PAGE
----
When my husband comes home he walks right by the cradle in the laundry room, still drying from its hard scrubbing. His excitement makes him more unobservant than usual. He has news for me. He rushes in, past where I stand at the kitchen counter, already exclaiming before he sees what I am doing.
“The owners took me aside and gave me a raise. It’s supposed to be secret because I’m the only one. At their last meeting they discovered I’m responsible for 60% of the revenue and decided they should keep me happy.” His hands are on his hips. He is containing his exuberance.
“That’s great,” I say, genuinely happy but intent upon my task. “It’s about time.”
“Yeah,” he agrees and then looks up, I assume, for he goes very quiet. I am not looking directly at him, having turned back to my task on the counter. I sneak peeks at him from the corner of my eye as his silence continues. He is standing next to the dining room table he has appropriated for his ‘office.’ He has dropped his wallet, keys, and hat on the table, but stands staring at me.
On a counter I have unfolded a thick towel from Russia, bigger than an American towel, and in the sink is a bowl of warm water. On the towel is a naked, anatomically correct newborn baby boy doll that I am rubbing with rose scented oil before wiping it off with a warm washcloth. I don’t mention what I am doing, so after a pause my husband ignores my actions as well. He goes on telling me about the raise, the secrecy involved, and how the validation of his work is more important to him than the money.
I can understand, but don’t agree. We can really use the money. While he talks my husband performs his homecoming routine. He removes his work shirt and puts on a sweatshirt, he removes his work boots and puts on his moccasins. He does not tidy the dining room table or put anything away, but prepares to go outside to his evening animal chores. There are horses and chickens and ducks to be fed and watered. It isn’t kind to make them wait.
But he doesn’t leave. He stands in the doorway and watches me. I’ve finished washing the doll and wrap it in an infant’s receiving towel, the kind with the little hood, gently drying it as I walk over to the sofa where I’ve left its clean clothes.
“How was your day?” He asks as I dress the doll in a tiny preemie diaper and then a footed pajama. I swaddle the baby before answering.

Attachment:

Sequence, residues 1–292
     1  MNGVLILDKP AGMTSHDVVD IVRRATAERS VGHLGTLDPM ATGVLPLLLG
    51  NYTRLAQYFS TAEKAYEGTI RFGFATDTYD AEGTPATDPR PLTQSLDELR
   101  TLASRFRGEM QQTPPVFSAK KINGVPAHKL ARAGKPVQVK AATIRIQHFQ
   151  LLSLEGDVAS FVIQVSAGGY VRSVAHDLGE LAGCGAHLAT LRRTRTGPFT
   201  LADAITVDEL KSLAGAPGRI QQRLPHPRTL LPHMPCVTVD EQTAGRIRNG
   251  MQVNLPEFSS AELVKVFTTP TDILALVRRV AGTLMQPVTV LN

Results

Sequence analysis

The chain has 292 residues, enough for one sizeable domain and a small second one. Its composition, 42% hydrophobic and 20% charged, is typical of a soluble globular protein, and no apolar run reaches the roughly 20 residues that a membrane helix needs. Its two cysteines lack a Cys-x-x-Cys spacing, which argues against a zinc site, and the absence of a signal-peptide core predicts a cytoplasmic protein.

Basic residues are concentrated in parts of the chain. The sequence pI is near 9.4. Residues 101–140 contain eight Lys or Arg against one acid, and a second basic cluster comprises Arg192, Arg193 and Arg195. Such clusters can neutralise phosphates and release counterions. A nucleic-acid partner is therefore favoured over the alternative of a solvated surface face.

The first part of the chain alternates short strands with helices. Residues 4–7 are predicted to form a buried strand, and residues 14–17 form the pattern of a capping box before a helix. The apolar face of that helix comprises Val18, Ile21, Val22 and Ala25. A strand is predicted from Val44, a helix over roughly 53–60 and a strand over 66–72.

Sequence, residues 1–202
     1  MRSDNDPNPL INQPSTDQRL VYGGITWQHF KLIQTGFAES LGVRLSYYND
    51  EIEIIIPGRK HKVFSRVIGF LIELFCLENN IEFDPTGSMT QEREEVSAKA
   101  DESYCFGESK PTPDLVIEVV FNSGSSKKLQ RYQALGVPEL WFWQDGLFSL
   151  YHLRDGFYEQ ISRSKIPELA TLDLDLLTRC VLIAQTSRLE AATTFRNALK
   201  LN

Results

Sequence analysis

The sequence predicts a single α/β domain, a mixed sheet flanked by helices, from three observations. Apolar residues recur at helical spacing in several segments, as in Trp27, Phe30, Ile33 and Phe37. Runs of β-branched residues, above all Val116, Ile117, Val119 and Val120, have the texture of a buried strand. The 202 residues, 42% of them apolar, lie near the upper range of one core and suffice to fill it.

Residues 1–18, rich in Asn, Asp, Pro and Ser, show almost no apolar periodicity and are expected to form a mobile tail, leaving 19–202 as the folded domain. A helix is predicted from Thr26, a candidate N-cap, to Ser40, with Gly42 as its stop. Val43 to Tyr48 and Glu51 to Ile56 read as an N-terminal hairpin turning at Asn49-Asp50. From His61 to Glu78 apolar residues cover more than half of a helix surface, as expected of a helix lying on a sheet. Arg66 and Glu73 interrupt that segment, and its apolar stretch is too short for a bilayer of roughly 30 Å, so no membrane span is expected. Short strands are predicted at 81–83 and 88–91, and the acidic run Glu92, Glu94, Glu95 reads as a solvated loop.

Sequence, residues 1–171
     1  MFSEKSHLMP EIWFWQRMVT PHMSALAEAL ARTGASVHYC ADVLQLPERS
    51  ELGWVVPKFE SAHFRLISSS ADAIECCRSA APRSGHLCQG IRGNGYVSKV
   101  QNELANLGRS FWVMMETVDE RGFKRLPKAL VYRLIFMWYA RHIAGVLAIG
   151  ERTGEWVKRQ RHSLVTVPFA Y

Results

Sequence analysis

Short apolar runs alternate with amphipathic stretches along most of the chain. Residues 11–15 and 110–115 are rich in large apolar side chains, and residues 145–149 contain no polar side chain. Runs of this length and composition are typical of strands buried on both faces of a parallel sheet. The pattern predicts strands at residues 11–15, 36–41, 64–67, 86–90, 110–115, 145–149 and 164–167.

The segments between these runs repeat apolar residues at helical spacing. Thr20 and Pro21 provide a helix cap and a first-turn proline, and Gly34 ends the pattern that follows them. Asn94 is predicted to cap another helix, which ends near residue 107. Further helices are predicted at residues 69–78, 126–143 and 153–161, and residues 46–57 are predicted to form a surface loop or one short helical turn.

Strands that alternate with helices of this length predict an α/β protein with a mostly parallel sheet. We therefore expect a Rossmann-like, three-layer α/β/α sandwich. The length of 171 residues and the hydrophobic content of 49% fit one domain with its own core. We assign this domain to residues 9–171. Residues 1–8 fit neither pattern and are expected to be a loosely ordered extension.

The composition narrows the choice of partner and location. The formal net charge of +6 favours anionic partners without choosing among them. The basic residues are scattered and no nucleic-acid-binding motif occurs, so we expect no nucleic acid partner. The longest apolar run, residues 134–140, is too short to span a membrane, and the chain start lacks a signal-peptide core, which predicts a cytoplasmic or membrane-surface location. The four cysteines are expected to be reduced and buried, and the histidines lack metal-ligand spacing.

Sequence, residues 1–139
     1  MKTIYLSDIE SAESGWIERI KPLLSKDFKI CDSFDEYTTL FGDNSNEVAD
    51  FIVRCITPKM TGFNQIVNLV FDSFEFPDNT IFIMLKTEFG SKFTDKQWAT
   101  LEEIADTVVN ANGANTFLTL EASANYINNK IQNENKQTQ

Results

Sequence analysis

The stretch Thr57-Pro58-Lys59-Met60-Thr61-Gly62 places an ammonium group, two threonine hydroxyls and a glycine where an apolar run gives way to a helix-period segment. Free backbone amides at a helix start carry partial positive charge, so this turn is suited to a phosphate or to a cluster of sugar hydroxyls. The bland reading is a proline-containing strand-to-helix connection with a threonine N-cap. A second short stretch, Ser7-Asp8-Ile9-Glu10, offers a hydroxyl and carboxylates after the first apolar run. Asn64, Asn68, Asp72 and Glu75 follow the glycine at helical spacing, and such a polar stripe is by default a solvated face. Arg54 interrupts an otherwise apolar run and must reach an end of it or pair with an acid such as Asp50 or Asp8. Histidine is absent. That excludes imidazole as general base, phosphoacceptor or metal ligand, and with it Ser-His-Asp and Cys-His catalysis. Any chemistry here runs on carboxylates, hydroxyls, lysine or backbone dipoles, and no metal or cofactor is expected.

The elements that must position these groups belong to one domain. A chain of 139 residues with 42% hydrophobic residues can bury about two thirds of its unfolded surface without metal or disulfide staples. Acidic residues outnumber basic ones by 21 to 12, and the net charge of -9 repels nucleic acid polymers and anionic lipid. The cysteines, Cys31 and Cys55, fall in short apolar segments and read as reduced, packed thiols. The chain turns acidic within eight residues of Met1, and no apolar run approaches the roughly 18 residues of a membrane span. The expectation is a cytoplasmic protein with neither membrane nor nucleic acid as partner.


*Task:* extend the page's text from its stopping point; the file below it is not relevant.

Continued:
“Oh fine. We cleared more out of the house,” I leave the baby on the sofa to collect the cradle from the other room. My husband follows me, but doesn’t offer to help and now I know he is seriously creeped out.
As I put the cradle back together and make it up with sheets and blankets I tell him about clearing out my sister’s foreclosed house. I tell him I’ve found all the things my sister’s kids have stolen over the years and taken them back.
The frown clears from his face, his stance loosens, and he says, “That’s good.”
His relief irritates me. I’m irritated with myself. I let him off the hook too soon; the game is over before it really needled him. I begin to clean up without speaking to him. After I move the cradle to a corner of the bedroom, place the doll in it and cover him with a thin, crocheted blanket, my husband asks me, “Do you want to practice after we feed the animals?” He points to the bows on the wall.
“Yes,” I say, wanting to drive my sharp arrows into the target, each ‘thwack’ filling me with satisfaction.
He never mentions the baby doll, never even looks at it again. The doll is just a doll, a relic from my childhood. We do not talk about the reason I have clothes to fit an infant-sized doll or sheets and blankets for an actual cradle. We will not talk about how he doesn’t look in the corner of the room where the cradle and its occupant sit, eventually he’ll start throwing his clothes over it. And we won’t talk about that, either. It’s an unspoken pact that we never talk about what we’ve lost.
About Sara Marchant and this essay: This is a short essay written in a class taught by Emily Rapp at the University of California Riverside/ Palm Desert. I am a second year student in the MFA of Creative Writing program and also a housewife in the high desert of Southern California.